In a perfect world, toys would be toys and there would be no grand toy judge to pound his or her gavel and declare which ones are for boys and which are for girls–okay, that doesn’t actually happen, but rarely do kids get to decide which toys they want to play with before it’s already been preconceived as a boy or girl toy.
There have been many strides made towards creating toys that intend to promote gender equality—just check out this commentary, New Toys Inspire Girls to Cross Sterotypical Boundaries, from Alexi Velasquez, or, Dolls for Boys Are a Sign of the Times, from our own Phil Guie. Yet it seems that toy companies continually miss the mark.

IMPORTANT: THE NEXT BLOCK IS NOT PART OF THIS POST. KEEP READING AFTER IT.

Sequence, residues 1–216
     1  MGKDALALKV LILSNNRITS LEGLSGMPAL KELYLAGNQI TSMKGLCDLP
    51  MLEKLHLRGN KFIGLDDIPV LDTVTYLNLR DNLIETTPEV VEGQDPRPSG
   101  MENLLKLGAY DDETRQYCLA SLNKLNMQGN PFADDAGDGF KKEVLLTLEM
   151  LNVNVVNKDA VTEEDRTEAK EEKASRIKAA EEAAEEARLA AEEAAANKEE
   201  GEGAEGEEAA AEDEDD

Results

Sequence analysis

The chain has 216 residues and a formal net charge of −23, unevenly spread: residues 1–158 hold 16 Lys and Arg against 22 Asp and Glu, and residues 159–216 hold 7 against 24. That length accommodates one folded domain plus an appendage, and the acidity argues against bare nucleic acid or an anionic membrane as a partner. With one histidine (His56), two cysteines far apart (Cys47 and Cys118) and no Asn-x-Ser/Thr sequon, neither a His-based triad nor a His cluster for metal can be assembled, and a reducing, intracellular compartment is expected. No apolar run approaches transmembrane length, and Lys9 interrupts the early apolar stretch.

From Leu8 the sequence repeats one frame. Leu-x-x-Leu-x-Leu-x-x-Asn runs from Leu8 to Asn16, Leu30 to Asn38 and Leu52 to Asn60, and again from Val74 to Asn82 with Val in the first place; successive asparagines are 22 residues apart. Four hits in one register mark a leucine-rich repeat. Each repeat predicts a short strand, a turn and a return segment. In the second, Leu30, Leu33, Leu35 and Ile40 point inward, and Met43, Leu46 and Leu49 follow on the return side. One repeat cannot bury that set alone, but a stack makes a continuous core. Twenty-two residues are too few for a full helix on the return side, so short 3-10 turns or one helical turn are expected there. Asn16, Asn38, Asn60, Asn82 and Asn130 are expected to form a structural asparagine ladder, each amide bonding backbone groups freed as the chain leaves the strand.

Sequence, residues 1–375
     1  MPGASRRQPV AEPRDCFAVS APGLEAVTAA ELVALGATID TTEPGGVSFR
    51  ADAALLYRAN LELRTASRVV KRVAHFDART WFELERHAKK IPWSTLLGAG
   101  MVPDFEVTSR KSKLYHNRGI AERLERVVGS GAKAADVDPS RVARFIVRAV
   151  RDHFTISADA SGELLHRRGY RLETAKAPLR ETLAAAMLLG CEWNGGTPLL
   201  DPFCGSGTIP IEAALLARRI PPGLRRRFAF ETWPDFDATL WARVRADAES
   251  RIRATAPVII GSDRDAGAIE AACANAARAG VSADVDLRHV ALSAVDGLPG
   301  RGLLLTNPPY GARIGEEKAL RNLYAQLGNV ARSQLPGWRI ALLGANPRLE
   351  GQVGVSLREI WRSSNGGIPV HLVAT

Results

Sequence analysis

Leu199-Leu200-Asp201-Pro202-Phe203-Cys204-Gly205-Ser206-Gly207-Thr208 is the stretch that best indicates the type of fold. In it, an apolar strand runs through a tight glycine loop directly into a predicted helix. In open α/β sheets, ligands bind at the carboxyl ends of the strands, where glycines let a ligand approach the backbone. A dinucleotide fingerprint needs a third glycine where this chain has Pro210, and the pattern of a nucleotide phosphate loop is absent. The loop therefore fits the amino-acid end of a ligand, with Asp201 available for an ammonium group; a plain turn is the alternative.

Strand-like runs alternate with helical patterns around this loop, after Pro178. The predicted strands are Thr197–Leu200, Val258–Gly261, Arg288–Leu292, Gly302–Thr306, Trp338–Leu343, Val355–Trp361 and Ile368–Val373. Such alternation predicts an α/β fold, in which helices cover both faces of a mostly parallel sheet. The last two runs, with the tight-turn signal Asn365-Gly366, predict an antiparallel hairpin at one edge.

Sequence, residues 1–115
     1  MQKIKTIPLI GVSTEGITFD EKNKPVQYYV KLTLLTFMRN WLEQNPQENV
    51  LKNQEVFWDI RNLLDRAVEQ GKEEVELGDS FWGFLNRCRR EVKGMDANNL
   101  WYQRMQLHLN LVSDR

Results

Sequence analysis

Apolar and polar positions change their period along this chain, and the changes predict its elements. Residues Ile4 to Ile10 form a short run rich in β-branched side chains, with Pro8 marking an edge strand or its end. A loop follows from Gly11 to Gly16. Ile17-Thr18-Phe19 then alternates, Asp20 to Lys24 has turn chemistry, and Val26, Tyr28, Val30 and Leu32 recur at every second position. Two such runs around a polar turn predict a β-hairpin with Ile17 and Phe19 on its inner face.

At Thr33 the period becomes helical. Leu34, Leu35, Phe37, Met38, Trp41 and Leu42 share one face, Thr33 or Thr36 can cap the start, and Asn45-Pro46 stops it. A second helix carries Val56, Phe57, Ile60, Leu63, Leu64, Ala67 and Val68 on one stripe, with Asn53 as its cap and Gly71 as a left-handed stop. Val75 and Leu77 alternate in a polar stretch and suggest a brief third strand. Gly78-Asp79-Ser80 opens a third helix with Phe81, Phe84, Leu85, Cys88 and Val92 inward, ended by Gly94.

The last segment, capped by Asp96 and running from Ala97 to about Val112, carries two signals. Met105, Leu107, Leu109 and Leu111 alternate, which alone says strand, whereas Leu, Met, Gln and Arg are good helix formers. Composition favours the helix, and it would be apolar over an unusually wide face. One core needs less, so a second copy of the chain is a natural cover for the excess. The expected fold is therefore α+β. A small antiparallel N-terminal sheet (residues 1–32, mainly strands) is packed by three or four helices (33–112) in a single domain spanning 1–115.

Pinkifying “boy” toys doesn’t close a gender gap, and marketing toys that have previously been deemed “boyish” in a way that will appeal to girls may be smart for sales, but it’s important that we look beyond the toys themselves, and at the advertising campaigns that drive them. That’s where we really see the effect that it has on the way kids play. [Read more...]